By Joshua Benton
It’s a tough choice: Write a big check now or a huge one later.
Texas parents have 15 more days to make up their minds.
The Legislature is considering a steep hike in college tuition, perhaps more than 60 percent over the next two years. As a result, the Texas Guaranteed Tuition Plan, which lets parents pay Junior’s future college tuition at today’s cheaper rates, has seen interest boom.
The number of people signing up for the plan – formerly known as the Texas Tomorrow Fund – is up 37 percent over last year at this time. Officials expect a huge rush in the final days before this year’s deadline to sign up, May 23.
Some financial advisers say rising tuition and economic forces may conspire to make this the last time the guaranteed tuition plan is such a deal. In the future, families may find a better investment elsewhere.
“People signing up are going to be paying a premium,” said Joe Hurley, a CPA who runs Savingforcollege.com. “They’re really making a gamble.”
For decades, Texas was one of the cheapest places in America to get a college education. But it’s catching up to the pack. Average tuition at a four-year Texas university jumped 63 percent in the 1990s, even after adjusting for inflation.
It’s not yet clear how much freedom the Legislature will give universities to raise tuition. A bill passed by the House last month would raise the cap on tuition 61 percent over the next two years and give some colleges free rein to charge whatever they’d like in 2005. A Senate version of the legislation allows smaller increases – up to 17 percent between now and 2005.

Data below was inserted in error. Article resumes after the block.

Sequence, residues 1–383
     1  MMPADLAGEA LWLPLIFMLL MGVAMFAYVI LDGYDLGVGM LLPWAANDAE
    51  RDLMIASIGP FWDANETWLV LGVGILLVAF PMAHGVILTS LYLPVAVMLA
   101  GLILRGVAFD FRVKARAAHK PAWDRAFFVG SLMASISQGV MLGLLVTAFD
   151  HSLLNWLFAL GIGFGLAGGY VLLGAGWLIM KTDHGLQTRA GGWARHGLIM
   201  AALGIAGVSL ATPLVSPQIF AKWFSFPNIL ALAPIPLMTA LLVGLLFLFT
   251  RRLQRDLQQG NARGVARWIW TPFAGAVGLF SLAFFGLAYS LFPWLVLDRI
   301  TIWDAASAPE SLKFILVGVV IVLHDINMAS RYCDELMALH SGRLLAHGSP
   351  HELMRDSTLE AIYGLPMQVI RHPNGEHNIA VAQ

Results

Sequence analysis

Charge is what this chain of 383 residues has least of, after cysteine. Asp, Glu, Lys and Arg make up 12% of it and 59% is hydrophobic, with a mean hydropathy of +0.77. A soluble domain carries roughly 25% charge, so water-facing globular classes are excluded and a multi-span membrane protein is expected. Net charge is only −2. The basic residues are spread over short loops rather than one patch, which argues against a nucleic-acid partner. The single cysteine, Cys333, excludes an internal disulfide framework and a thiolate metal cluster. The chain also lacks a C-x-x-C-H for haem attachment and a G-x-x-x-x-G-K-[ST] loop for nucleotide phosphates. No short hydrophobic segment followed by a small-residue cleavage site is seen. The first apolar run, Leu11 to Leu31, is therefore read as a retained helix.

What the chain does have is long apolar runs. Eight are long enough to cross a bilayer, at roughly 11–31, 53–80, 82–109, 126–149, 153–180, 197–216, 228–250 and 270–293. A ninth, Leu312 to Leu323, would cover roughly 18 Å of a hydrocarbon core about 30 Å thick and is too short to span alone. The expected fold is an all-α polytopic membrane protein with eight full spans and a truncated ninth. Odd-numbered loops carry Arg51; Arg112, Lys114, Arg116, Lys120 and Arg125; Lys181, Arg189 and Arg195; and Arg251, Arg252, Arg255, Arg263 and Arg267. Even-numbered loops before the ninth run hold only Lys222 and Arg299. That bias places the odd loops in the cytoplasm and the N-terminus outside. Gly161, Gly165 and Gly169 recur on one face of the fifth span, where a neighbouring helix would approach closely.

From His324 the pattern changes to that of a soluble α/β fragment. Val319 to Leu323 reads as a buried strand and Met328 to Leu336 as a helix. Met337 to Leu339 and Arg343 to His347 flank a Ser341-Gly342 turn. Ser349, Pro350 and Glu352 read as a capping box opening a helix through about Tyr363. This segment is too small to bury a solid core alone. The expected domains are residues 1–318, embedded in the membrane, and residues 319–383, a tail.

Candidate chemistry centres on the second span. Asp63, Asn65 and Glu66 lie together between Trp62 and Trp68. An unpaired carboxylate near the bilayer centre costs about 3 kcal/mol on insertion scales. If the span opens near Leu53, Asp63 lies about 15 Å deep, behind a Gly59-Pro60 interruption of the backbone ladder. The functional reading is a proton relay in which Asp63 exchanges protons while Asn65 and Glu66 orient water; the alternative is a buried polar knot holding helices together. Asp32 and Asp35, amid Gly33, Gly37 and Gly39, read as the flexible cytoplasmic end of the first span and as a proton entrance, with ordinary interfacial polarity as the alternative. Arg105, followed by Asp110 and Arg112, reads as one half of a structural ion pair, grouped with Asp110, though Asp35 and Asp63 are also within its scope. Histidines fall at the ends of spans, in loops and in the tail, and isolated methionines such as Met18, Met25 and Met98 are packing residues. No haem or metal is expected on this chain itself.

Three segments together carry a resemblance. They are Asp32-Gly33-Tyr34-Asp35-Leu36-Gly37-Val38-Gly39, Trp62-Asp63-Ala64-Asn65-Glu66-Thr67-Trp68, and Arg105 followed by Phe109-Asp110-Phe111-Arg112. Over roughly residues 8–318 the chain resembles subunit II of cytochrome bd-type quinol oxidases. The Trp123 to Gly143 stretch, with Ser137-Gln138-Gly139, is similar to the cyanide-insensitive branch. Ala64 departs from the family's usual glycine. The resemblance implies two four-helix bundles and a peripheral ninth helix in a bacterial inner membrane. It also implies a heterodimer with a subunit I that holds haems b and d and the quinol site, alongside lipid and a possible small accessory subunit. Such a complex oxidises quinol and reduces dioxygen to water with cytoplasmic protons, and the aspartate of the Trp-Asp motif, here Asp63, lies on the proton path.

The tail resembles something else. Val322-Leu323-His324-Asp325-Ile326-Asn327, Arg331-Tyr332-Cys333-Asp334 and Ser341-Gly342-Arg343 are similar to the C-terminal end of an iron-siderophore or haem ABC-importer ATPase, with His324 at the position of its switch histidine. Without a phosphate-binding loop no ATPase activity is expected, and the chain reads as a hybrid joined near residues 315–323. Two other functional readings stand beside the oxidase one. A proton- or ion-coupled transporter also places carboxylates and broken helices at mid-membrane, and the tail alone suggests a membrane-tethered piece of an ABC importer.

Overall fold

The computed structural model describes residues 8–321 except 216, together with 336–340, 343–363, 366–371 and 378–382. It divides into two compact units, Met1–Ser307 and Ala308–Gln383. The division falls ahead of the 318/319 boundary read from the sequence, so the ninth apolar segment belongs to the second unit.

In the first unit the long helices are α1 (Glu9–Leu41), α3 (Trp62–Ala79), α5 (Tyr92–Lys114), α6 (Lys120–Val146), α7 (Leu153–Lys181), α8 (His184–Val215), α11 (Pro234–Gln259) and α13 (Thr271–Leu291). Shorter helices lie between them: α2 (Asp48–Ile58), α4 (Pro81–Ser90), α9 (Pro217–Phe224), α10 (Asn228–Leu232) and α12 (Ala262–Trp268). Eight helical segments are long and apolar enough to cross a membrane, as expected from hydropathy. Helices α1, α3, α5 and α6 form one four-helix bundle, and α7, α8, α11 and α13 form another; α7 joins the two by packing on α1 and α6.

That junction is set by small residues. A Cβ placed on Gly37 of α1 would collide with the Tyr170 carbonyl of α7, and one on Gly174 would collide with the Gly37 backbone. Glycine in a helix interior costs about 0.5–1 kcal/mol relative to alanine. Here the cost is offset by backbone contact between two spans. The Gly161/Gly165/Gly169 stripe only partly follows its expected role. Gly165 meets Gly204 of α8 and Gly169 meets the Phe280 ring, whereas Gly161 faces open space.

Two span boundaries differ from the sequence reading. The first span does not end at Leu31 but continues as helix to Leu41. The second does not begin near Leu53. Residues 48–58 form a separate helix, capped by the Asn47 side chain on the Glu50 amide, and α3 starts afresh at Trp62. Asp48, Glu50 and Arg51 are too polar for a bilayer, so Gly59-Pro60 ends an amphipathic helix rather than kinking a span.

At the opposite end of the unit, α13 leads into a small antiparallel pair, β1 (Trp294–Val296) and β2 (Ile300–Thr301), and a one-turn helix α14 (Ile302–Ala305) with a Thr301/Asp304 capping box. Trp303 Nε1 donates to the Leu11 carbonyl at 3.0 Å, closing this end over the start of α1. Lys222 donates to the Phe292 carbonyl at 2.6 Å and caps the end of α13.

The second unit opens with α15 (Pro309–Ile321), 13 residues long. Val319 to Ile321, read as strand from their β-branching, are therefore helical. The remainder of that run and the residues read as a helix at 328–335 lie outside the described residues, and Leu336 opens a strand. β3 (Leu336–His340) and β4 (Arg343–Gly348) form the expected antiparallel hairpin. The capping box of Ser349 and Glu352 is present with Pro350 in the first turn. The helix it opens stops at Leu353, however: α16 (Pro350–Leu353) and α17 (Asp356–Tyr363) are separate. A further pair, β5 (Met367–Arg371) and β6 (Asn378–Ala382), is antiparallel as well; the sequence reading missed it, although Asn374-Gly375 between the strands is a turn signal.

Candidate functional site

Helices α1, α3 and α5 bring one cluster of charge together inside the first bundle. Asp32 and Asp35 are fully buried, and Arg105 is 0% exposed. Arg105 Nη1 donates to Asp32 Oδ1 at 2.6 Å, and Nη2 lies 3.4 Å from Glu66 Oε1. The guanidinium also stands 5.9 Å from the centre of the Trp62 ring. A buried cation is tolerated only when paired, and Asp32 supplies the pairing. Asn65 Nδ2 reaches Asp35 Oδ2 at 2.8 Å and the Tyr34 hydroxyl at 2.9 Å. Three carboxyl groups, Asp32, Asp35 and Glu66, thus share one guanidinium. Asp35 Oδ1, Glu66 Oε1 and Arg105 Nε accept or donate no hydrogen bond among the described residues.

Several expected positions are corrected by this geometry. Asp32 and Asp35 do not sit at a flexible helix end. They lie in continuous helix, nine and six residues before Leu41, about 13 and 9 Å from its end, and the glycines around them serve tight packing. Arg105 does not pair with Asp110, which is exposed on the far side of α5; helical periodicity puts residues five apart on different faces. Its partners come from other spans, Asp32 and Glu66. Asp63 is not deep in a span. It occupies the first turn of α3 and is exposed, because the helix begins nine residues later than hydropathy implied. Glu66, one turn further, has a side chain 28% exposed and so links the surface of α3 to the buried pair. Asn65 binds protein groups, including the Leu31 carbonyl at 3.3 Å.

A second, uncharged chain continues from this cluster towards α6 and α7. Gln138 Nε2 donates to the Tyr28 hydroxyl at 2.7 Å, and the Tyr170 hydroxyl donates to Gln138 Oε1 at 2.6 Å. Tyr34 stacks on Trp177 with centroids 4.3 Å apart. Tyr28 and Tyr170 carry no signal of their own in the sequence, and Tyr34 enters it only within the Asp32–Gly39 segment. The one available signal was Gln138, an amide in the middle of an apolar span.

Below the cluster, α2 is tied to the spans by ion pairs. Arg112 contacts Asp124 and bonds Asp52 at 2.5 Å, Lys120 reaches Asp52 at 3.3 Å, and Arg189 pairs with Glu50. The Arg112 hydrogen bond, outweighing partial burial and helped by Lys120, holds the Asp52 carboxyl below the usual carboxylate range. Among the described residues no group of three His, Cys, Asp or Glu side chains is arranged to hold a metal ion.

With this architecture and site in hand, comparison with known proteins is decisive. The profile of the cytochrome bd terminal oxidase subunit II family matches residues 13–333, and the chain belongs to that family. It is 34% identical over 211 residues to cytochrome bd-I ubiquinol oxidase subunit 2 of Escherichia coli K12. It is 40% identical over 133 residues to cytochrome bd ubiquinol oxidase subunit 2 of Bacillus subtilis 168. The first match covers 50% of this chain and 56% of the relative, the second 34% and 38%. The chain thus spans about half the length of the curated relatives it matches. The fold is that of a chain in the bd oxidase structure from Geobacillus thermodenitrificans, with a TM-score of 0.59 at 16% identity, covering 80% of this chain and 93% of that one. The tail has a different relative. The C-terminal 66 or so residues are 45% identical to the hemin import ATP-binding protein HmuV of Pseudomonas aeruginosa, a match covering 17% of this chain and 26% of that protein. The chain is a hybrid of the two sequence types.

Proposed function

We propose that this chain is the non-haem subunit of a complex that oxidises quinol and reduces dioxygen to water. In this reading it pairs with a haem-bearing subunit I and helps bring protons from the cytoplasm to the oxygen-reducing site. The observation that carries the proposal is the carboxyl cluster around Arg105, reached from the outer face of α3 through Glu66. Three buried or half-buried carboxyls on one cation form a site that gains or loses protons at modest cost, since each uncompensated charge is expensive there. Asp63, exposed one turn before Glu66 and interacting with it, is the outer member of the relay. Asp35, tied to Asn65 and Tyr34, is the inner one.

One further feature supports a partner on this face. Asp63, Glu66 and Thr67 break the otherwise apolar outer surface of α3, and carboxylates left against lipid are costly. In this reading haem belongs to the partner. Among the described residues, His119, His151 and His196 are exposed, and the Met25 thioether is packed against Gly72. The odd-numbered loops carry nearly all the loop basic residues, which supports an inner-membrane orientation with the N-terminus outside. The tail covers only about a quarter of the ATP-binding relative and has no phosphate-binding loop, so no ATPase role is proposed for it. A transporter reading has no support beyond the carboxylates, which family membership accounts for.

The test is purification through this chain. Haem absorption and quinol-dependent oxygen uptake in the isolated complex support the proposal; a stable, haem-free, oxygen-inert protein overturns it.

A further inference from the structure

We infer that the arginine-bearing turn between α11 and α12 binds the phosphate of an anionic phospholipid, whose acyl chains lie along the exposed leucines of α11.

Some sort of compromise is likely, but even then, not all universities will raise tuition to the maximum allowed immediately.
Those are the sort of increases the Texas Tomorrow Fund was created to battle in 1996. The idea was simple: Parents pay for college ahead of time, either in a lump sum or monthly payments. The state invests the money; if all goes well, the investments grow faster than tuition does and there’ll be plenty of money to pay for children’s college down the road.
“You’re getting a guaranteed return on the money you’re putting in, since tuition keeps going up” said Henry Tow of Plano, who signed up two of his children last month. “I know I won’t be losing money.”
It’s clear that those who bought in early got a deal. In 1996, the parent of a newborn could have bought four years at a state university for $8,320. That costs $17,460 today.
If that $8,320 had been invested in a common stock index fund instead, it would be worth only $11,730. Move the starting date forward a couple of years – to the late-’90s stock bubble – and many parents would be in the red.
“You were a genius if you bought a plan in ’96,” said Andy Ruth, director of special programs in the state comptroller’s office, which runs the program. “People who bought back then can congratulate themselves. They were very smart.”
He said interest in the program has picked up in the last few years, as the stock market’s troubles make people seek sure bets.
What’s unclear is how good of a deal the guaranteed tuition plan will be in the future. After all, the plan’s theory is based on getting good returns from investing the parents’ up-front cash – returns that grow faster than tuition. Instead, Texas has had a stagnant economy and spiking tuition.